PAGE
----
How grace works

October 7th, 2020

I’ve been thinking about power lately. About how it can heal and how it can destroy. About how it can raise people up and how it can diminish them. Grace is one sort of power. Violence is another.

The late Norman Maclean’s lovely story A River Runs Through It inspired my reflections. When he writes about fly fishing, he is also writing about grace. “All good things … come by grace; and grace comes by art; and art does not come easy.”

Casting a fly rod is an art learned gradually. As the Presbyterian-preacher father repeatedly tells his two sons, “Remember, [casting] is an art performed on a four-count rhythm between ten and two o’clock.” He even uses a metronome to instill in his boys a reliable tempo.

If we cast hurriedly from our narrowly focused desire to reel in a big fish for ourselves, we will loudly slap the water in front of us with a tangled mass of line and chase away any nearby trout.

We exercise the power of grace when we align ourselves, as best as we can, with the rhythm of God’s patient, steadfast love. That love aims always for the common good. Not a lowest denominator good. But an extravagant abundance.

And yet, that love also remembers that we are dealing with other souls, with other free wills, with other people worthy of our respect. Even and especially when they are different from us.

If we yield to our self-centered impulse to secure a better place for ourselves on this planet without concern for others, it becomes all too easy for us to justify using force to impose our will.

Sadly, even if we happen to enrich or empower ourselves for a season this way, we cause injury and antagonism. We do violence. We diminish the good for others and, ironically, undermine the security and stability of our own situation.

Here on planet Earth, we are not all alike. We do not understand each other perfectly. But Jesus repeatedly taught us that, in McLean’s words, “We can love completely what we cannot completely understand.” And when we do, the Kingdom of God has drawn closer. This is the power of grace.

On one occasion, shortly after he had arrived in Jerusalem, Jesus had been engaged in an extended confrontation with his antagonists in the religious establishment. They see him as a threat, so they’ve questioned his authority, his orthodoxy, and his motives in an effort to undermine him.

In response, Jesus tells a parable that many call The Parable of the Wicked Tenants. (Matthew 21:33-46) It goes like this.

A landowner set up a vineyard and leased it to some tenants. When harvest time came, the landowner sent members of his staff to collect his share of the produce as payment for the lease. Instead of paying up, the tenants brutally assaulted his staff, wounding some and killing others.

The landowner then sent another group to collect, and they received the same violent treatment. Finally, he decided to send his son, reasoning that a family member’s status would be enough to bring these tenants to their senses. But they killed the son and claimed the vineyard for themselves.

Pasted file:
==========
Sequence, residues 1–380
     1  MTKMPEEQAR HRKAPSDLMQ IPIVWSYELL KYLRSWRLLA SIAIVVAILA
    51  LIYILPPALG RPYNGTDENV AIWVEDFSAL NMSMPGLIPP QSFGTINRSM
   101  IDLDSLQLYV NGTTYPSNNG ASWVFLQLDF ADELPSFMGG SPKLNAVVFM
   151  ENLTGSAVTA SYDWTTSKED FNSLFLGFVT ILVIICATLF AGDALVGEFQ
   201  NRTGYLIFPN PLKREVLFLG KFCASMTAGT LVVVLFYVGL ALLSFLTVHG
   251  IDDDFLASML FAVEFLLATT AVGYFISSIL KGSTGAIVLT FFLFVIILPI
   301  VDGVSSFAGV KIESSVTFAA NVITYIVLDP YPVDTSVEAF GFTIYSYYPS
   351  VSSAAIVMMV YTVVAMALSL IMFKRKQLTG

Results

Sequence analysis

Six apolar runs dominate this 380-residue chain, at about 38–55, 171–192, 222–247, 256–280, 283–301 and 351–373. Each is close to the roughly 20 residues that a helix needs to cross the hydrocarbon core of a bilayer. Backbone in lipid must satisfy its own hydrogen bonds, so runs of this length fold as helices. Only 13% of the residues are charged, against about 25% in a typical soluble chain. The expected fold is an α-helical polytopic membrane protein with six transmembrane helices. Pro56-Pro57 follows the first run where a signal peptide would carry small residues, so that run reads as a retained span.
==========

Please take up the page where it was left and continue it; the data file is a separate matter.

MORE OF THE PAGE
At this point in the telling, Jesus turns to his detractors and asks, “So what do you think that vineyard owner will do to these tenants?”

They answer, “He will crush them and toss them aside like the garbage they are.”

Jesus knew that they would draw an analogy between the vineyard owner and God. But Jesus was drawing no such analogy. Instead, he was setting them up to reveal that they had made God in their own coercive, control-obsessed image.

It’s as if they had blurted out, “If I were God, then this is what I would do.” Jesus’s response amounts to something like this: “Well, then, aren’t we glad you’re not God!”

Jesus’s point is that applying coercive, violent power never brings about the good we imagine it will. The famous 20th century psychologist Alfred Adler put it this way:

“To prevail through violence appears to many as an obvious thought. And we admit: the simplest way to attain everything that is good and promises happiness … seems to be by means of [coercive] power. But where in the life of men or in the history of mankind has such an attempt ever succeeded?”

Only love can heal this world and secure the common good for every last one of us.

So, at this point, I need to make a confession. I can’t fly fish. My early efforts were an embarrassing failure, so I quit trying.

And when it comes to exercising the power of grace, I am nowhere near mastering it. Honestly, most of the time I still feel like a beginner. But I’m not giving up.

An invitation

You’re invited to join me for a series of in-person Zoom conversations called “A Love Shaped Life” Thursdays (6:00 p.m. CDT) in October. This coming Thursday (Oct. 8) we’ll be talking about owning our past and growing beyond yet.

Missed last week’s session? No worries. Each conversation stands on its own. Hope to see you there!

There’s no charge. No registration. All you need to do on Thursday is click this link:

All talks are based on my book A Resurrection Shape Life.

This essay originally appeared at Looking for God in Messy Places. Reprinted with permission.

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